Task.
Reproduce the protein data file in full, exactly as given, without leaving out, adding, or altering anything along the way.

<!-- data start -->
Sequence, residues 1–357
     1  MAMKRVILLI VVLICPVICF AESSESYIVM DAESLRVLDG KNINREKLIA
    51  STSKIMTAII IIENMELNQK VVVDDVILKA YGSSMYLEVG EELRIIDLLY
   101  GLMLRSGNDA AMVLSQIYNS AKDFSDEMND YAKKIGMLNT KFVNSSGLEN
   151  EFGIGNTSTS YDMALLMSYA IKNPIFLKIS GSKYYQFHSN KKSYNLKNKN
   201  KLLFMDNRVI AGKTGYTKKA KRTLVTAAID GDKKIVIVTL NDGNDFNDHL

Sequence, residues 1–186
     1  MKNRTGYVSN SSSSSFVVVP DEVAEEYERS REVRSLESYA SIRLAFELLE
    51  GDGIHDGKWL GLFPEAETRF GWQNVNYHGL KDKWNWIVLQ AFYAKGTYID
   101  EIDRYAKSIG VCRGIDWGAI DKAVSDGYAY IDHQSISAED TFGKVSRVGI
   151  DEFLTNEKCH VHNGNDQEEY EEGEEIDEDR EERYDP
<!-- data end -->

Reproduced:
Sequence, residues 1–357
     1  MAMKRVILLI VVLICPVICF AESSESYIVM DAESLRVLDG KNINREKLIA
    51  STSKIMTAII IIENMELNQK VVVDDVILKA YGSSMYLEVG EELRIIDLLY
   101  GLMLRSGNDA AMVLSQIYNS AKDFSDEMND YAKKIGMLNT KFVNSSGLEN
   151  EFGIGNTSTS YDMALLMSYA IKNPIFLKIS GSKYYQFHSN KKSYNLKNKN
   201  KLLFMDNRVI AGKTGYTKKA KRTLVTAAID GDKKIVIVTL NDGNDFNDHL

Sequence, residues 1–186
     1  MKNRTGYVSN SSSSSFVVVP DEVAEEYERS REVRSLESYA SIRLAFELLE
    51  GDGIHDGKWL GLFPEAETRF GWQNVNYHGL KDKWNWIVLQ AFYAKGTYID
   101  EIDRYAKSIG VCRGIDWGAI DKAVSDGYAY IDHQSISAED TFGKVSRVGI
   151  DEFLTNEKCH VHNGNDQEEY EEGEEIDEDR EERYDP